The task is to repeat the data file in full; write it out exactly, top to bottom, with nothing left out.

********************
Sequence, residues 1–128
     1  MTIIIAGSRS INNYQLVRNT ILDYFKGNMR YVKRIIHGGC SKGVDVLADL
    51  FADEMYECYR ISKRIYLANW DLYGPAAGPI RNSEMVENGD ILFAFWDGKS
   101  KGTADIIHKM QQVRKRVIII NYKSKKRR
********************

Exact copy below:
Sequence, residues 1–128
     1  MTIIIAGSRS INNYQLVRNT ILDYFKGNMR YVKRIIHGGC SKGVDVLADL
    51  FADEMYECYR ISKRIYLANW DLYGPAAGPI RNSEMVENGD ILFAFWDGKS
   101  KGTADIIHKM QQVRKRVIII NYKSKKRR